If you aren’t making pancakes that are AT LEAST as good as those you get from the typical diner or pancake house, it’s something you’re doing incorrectly.
Restaurants do not use the finest available ingredients. They use what gives them the best result for the money. Yet, they get good results. So you don’t have to use the best possible ingredients; just good ingredients. A box mix like Bisquick will give you good ingredients, despite what the snobs say.
Some of the strongest compliments I’ve ever received on my cooking were from people who were eating my pancakes. I couldn’t understand why — I was using a box mix and following the recipe — until I watched them make pancakes.
Some things they did that ruined their pancakes:
- They thought they were smarter than the people who made the mix. They didn’t follow the instructions printed on the box.
- They thought they could “eyeball” the amount of oil or milk or water or whatever, or they used small or extra-large eggs instead of large. They were wrong. While baking isn’t rocket science, it is a science. It’s chemistry.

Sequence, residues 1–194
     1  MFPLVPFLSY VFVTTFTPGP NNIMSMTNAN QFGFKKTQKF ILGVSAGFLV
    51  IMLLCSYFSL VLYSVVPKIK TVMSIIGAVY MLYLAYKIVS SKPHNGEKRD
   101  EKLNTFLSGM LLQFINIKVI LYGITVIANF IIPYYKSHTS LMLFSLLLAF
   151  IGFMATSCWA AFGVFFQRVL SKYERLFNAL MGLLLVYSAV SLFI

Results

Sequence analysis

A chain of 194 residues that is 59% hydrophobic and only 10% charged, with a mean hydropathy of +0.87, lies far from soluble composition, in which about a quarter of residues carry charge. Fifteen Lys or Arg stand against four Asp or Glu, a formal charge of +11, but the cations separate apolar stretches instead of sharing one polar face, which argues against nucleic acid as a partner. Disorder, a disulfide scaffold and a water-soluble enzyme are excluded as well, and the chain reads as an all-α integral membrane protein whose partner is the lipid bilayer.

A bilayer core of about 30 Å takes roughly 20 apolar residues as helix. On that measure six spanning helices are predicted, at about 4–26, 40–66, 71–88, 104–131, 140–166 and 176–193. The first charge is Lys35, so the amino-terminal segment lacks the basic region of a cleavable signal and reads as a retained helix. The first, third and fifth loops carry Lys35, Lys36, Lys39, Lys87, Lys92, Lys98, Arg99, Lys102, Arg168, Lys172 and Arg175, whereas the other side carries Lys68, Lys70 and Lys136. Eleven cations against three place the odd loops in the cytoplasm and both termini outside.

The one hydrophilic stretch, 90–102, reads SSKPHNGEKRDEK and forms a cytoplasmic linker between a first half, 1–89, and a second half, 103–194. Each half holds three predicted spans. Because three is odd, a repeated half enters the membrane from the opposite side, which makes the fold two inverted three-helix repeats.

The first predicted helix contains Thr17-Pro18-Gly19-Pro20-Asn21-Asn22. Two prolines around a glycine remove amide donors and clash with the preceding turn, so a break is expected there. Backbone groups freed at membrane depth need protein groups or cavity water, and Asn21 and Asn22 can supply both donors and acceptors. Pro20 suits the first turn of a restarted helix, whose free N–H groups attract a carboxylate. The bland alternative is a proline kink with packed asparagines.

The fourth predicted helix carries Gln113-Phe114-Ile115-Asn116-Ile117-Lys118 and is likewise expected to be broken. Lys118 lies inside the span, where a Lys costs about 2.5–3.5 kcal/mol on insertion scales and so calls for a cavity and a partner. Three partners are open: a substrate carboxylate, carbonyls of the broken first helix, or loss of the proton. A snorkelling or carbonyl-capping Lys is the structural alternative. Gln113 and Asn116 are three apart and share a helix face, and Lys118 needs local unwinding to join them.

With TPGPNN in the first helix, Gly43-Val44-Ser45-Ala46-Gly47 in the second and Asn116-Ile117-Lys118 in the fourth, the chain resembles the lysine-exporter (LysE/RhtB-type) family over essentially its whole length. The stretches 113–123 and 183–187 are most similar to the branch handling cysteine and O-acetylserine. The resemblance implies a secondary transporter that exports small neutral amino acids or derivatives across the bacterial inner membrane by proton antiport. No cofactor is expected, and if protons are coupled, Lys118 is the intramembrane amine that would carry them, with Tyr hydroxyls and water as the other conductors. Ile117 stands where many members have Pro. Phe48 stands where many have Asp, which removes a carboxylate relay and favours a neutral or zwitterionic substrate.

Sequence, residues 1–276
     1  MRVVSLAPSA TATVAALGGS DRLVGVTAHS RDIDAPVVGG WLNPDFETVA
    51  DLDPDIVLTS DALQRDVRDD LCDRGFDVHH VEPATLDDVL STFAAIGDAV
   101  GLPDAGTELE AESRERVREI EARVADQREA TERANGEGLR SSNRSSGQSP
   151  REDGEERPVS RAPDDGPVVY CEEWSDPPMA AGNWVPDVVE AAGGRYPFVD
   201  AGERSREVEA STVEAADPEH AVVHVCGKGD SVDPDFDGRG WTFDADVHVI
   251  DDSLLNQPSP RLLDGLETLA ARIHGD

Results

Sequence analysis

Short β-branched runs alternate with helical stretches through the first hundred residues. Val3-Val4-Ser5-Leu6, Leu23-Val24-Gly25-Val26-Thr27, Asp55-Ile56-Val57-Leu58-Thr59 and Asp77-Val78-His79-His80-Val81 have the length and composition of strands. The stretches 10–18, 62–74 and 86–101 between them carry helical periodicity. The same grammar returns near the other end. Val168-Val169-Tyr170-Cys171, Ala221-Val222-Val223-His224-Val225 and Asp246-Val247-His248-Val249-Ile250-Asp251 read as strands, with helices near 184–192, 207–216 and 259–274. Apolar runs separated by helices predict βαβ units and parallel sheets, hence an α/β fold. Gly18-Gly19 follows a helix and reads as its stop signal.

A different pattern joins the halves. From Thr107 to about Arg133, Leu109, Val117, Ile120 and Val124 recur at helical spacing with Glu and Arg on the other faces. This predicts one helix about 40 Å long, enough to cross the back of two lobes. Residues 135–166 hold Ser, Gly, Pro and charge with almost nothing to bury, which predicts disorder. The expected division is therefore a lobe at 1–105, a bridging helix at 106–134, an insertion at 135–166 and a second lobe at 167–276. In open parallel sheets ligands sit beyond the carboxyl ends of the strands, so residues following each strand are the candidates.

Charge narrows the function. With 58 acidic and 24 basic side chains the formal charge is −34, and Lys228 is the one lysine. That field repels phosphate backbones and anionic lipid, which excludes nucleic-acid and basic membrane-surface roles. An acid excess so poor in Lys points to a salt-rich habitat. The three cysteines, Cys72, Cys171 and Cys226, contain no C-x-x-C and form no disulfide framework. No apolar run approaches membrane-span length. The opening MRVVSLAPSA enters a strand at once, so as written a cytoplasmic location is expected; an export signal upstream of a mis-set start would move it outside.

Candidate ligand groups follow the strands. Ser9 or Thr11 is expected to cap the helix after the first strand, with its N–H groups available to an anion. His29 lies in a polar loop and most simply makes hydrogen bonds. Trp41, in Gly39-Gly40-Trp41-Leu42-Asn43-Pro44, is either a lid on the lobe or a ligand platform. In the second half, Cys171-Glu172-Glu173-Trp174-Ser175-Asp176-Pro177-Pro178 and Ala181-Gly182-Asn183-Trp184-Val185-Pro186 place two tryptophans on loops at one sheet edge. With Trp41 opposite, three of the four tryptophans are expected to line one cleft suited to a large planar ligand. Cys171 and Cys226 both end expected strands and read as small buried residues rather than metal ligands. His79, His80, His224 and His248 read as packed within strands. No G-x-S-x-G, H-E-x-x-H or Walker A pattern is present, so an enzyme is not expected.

- The pan wasn’t hot enough. Pancakes have to cook quickly enough that the gas bubbles from the leavening agents are trapped in the cooked batter.
- They thought a non-stick pan was a good substitute for oiling the pan. It’s not. There’s a “crust” you get on a pancake when you oil the pan.
- They tried flipping the things too soon, or too late. Pancakes need to be flipped when the edges are dry and the bubbles in the middle of the top start breaking.
- They over-beat the batter and didn’t rest it.
- There’s a saying: “cooking pancakes is like raising children; the first one never turns out quite right.” This can be remedied by doing two things:
- Stir the batter only as much as you need to. It’s OK to have a few small lumps.
- Wait a few minutes and let the batter rest. About as much time as it takes to cook a pancake is enough time, but a little more is good.
- Stirring just enough prevents over-developing the gluten, so your pancakes are not chewy and can rise properly. Letting it rest allows the flour to fully hydrate and the leavening to fully activate, and it allows any over-developed gluten to relax.
Another thing that matters is using a heavy pan. Even my non-stick pans are good and heavy. When you pour room-temperature batter onto a hot surface, the surface will cool a little and the batter will heat a little. A heavy pan will return to temperature almost immediately, but a lightweight one will take a tiny bit longer.
In short, it’s probably not your ingredients. It’s probably your technique. If I can get “amazing” pancakes from a box mix (and even better ones from scratch), anyone can. Get a good recipe and follow it.